1947 to 1951
Associate Professor, Department of Chemical Engineering
1949 to 1977
Head, Department of Chemical Engineering
1951 to 1967
Professor, Department of Chemical Engineering
1967 to 1977
Regents’ Professor, Department of Chemical Engineering

University of Houston

1977 to 1982
Cullen Professor of Chemical Engineering
1982 to 1992
Cullen Professor of Chemical Engineering and Professor of Mathematics
1987 to 1989
Vice President

Honors

Year(s) Award
1954 to 1955

Fulbright Scholar, Cambridge University, England

1955

Guggenheim Fellow, Cambridge University, England

1960

Industrial and Engineering Chemistry Award, ACS

1961

William H. Walker Award, AIChE

1969

National Academy of Engineering

1970

Vincent Bendix Award, American Society of Engineering Education

1970

Fellow, AIChE

1971

Warren K. Lewis Award, AIChE

1973

Richard H. Wilhelm Award, AIChE

1975

Guggenheim Fellow, NATO Senior Fellow

1985

Sc.D. (Honoris Causa), University of Minnesota

1985

Founders Award, AIChE

1986

Eng. D. (Honoris Causa), University of Notre Dame

1989

Albert Einstein Award, Computing and Modelling Association

Table of Contents

Early Years
1

Parents. Growing up in St. Paul, Minnesota. Influence of high-school teachers. The Depression. Attending the University of Minnesota. Textbooks. Chemical Engineering Department. Role models and mentors.

Education and Career Beginnings
9

Desire to get a job. Working for Standard Oil (Exxon). Process control. Decision to return to school. Graduate focus on mathematics. Working as a teaching assistant. Hugh Turrittin. Desire to join U. S. Navy. Overcoming speech impediment. Five months at Brown University. Ph.D. dissertation.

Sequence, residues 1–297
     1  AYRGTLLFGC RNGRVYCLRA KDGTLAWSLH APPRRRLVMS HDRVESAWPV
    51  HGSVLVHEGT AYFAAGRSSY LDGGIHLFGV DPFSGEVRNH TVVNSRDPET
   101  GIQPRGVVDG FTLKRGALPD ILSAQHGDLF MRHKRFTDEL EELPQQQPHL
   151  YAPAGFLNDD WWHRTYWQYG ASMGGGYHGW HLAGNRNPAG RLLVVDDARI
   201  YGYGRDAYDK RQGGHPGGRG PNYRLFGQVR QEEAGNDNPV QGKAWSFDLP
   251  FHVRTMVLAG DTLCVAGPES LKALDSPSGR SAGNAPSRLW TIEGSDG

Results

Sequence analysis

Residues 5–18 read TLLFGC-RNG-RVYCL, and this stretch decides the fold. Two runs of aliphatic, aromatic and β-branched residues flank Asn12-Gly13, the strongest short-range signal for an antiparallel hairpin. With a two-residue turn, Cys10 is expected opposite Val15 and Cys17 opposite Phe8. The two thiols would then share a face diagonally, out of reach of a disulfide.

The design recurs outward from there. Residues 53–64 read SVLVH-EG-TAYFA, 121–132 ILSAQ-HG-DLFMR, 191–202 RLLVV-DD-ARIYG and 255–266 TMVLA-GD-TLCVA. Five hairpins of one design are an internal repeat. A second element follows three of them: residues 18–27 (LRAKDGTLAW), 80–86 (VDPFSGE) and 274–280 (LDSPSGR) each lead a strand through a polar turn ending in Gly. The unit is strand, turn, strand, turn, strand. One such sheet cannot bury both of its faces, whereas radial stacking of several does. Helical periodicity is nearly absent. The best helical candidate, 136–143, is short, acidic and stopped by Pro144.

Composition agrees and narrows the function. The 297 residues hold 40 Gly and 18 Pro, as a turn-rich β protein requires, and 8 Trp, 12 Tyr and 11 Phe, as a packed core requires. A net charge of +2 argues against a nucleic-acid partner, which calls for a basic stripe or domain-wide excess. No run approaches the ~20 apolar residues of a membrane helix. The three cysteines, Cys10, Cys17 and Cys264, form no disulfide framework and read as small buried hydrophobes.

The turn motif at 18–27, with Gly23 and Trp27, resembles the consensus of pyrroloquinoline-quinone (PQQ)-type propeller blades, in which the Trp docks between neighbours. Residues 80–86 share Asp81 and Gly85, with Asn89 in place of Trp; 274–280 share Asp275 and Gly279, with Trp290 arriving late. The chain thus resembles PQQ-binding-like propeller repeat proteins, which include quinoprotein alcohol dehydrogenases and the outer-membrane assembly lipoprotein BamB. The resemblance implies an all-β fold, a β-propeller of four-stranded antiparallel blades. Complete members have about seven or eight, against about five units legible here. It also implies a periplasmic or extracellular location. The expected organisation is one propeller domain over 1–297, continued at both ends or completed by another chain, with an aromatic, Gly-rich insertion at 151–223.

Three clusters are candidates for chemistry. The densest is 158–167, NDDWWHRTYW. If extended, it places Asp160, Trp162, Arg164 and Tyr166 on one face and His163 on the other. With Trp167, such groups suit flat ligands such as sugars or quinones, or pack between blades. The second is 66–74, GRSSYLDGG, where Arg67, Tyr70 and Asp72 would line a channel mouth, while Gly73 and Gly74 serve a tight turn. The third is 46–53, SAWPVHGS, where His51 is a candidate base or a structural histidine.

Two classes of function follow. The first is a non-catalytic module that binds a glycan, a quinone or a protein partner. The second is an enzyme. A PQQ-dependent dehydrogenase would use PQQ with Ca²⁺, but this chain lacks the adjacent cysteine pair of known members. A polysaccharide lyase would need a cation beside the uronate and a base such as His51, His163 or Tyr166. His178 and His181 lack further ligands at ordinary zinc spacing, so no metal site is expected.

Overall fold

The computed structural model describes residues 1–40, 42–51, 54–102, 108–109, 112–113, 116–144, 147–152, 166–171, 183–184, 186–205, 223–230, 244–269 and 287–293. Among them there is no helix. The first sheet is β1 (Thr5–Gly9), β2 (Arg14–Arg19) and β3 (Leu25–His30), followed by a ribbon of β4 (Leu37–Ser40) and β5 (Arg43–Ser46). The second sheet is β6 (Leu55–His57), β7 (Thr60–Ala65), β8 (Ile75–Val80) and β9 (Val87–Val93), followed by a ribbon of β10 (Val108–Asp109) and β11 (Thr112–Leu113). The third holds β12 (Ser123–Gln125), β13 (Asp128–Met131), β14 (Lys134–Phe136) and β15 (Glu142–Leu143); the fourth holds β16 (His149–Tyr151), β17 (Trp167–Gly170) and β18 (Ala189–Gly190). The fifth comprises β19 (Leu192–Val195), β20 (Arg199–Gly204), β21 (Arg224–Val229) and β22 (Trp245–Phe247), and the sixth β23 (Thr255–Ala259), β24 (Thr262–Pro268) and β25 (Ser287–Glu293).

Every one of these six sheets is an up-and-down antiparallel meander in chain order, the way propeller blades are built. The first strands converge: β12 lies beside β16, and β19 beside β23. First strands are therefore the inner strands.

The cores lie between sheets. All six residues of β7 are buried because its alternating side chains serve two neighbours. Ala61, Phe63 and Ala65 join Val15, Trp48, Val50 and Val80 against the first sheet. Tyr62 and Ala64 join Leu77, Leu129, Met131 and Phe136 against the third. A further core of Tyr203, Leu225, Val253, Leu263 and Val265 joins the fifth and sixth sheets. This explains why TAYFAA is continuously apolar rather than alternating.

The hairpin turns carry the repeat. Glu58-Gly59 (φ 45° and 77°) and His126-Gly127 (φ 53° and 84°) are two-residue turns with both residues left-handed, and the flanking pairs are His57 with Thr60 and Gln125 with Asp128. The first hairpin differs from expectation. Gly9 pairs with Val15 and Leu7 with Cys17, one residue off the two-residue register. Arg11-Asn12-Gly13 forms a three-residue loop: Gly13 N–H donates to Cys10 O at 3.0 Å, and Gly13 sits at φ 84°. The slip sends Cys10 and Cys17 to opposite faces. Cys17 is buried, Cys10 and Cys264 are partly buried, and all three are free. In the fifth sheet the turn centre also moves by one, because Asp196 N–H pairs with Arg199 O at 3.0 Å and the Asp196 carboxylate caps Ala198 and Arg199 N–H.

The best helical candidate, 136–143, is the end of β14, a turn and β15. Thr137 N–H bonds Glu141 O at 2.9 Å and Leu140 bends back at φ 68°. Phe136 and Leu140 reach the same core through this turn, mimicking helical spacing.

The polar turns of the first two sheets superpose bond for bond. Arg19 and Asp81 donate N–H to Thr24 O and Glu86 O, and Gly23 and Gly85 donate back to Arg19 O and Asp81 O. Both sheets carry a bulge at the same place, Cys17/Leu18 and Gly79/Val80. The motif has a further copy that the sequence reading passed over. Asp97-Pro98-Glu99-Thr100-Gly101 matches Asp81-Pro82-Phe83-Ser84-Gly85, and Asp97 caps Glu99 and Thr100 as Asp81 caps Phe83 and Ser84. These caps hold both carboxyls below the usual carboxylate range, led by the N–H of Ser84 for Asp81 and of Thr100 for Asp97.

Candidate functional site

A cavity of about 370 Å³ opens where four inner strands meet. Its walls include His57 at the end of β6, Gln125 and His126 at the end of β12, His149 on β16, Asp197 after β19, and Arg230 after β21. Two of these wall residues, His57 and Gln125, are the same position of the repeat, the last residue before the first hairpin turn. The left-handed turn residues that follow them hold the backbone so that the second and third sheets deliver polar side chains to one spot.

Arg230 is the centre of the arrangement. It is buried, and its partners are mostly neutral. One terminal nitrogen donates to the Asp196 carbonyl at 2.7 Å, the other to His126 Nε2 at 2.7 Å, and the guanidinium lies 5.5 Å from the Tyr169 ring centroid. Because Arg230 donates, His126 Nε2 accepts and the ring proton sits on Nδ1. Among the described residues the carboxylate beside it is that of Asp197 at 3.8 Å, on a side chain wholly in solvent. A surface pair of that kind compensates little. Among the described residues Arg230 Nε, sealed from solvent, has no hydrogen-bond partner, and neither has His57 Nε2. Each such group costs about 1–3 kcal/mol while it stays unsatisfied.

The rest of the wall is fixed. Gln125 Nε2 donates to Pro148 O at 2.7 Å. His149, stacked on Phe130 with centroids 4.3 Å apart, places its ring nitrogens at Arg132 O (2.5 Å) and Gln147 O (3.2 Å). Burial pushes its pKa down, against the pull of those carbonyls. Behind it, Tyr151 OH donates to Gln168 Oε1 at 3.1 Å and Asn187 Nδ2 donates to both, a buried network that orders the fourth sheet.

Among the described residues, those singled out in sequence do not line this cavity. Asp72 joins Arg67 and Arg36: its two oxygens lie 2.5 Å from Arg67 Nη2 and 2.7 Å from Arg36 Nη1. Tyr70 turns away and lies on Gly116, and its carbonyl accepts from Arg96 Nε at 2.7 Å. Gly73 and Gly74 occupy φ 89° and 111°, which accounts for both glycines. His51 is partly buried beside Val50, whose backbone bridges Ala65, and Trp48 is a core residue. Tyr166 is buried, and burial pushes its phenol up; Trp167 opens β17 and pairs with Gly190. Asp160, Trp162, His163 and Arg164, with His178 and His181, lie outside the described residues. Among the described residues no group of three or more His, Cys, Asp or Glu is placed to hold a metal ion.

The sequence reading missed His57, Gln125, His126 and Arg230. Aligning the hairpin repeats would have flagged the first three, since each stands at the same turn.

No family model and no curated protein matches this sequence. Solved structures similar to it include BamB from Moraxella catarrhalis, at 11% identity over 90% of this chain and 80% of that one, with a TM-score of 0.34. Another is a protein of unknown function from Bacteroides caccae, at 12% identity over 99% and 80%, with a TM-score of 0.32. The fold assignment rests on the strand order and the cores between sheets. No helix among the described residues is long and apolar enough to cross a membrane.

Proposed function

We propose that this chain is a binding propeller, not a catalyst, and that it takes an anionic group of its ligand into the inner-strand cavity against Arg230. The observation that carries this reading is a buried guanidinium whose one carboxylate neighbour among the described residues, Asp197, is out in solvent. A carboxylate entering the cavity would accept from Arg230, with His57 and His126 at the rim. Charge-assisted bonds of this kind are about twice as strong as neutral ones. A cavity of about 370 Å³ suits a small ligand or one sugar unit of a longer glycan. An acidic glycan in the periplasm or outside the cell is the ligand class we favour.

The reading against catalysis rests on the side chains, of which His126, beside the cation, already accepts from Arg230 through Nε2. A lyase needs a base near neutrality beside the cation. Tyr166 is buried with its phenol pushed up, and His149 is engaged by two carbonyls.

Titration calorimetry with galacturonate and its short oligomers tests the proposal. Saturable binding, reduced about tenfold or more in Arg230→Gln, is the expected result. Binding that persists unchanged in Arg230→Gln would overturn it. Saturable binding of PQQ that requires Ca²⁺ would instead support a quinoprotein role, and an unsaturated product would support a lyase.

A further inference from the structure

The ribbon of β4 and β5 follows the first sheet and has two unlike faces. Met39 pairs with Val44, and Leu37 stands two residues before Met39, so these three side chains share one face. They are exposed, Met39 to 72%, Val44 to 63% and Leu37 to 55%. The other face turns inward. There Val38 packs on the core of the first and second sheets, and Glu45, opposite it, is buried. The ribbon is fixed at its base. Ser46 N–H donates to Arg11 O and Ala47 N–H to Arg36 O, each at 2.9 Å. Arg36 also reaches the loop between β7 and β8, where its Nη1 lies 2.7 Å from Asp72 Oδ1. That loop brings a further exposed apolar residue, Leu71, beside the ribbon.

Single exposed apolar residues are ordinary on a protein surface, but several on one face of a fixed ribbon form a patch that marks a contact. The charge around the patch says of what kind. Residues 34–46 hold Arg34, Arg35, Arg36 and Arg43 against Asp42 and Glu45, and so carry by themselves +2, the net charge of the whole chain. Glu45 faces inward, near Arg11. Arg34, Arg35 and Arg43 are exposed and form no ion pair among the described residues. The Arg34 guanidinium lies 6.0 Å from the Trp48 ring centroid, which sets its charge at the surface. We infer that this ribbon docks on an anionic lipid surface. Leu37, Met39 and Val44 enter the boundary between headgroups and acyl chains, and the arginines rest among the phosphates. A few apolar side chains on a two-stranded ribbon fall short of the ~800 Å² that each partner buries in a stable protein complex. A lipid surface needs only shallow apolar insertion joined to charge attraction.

Career in Education
17

Staying at University of Minnesota as an Assistant Professor of mathematics. Athelstan F. Spilhaus. Becoming Acting Chair of Chemical Engineering Department. Connection with Chemistry Department. Heat transfer research. Irving Klotz. Mathematics in engineering. Shaping Chemical Engineering Department.

University Environment
25

Faculty at University of Minnesota. High-standards in selection process. Relationship with Chemistry Department. Introducing computers. Leaving the University. Going to University of Houston.

Final Thoughts
34

Consulting work. Finding financial support in academia. Success of students. Changes in teaching profession. Reflections on career. Future of University development.

Notes
41
Index
42

About the Interviewer

James J. Bohning

James J. Bohning was professor emeritus of chemistry at Wilkes University, where he had been a faculty member from 1959 to 1990. He served there as chemistry department chair from 1970 to 1986 and environmental science department chair from 1987 to 1990. Bohning was chair of the American Chemical Society’s Division of the History of Chemistry in 1986; he received the division’s Outstanding Paper Award in 1989 and presented more than forty papers at national meetings of the society. Bohning was on the advisory committee of the society’s National Historic Chemical Landmarks Program from its inception in 1992 through 2001 and is currently a consultant to the committee. He developed the oral history program of the Chemical Heritage Foundation, and he was CHF’s director of oral history from 1990 to 1995. From 1995 to 1998, Bohning was a science writer for the News Service group of the American Chemical Society. In May 2005, he received the Joseph Priestley Service Award from the Susquehanna Valley Section of the American Chemical Society.  Bohning passed away in September 2011.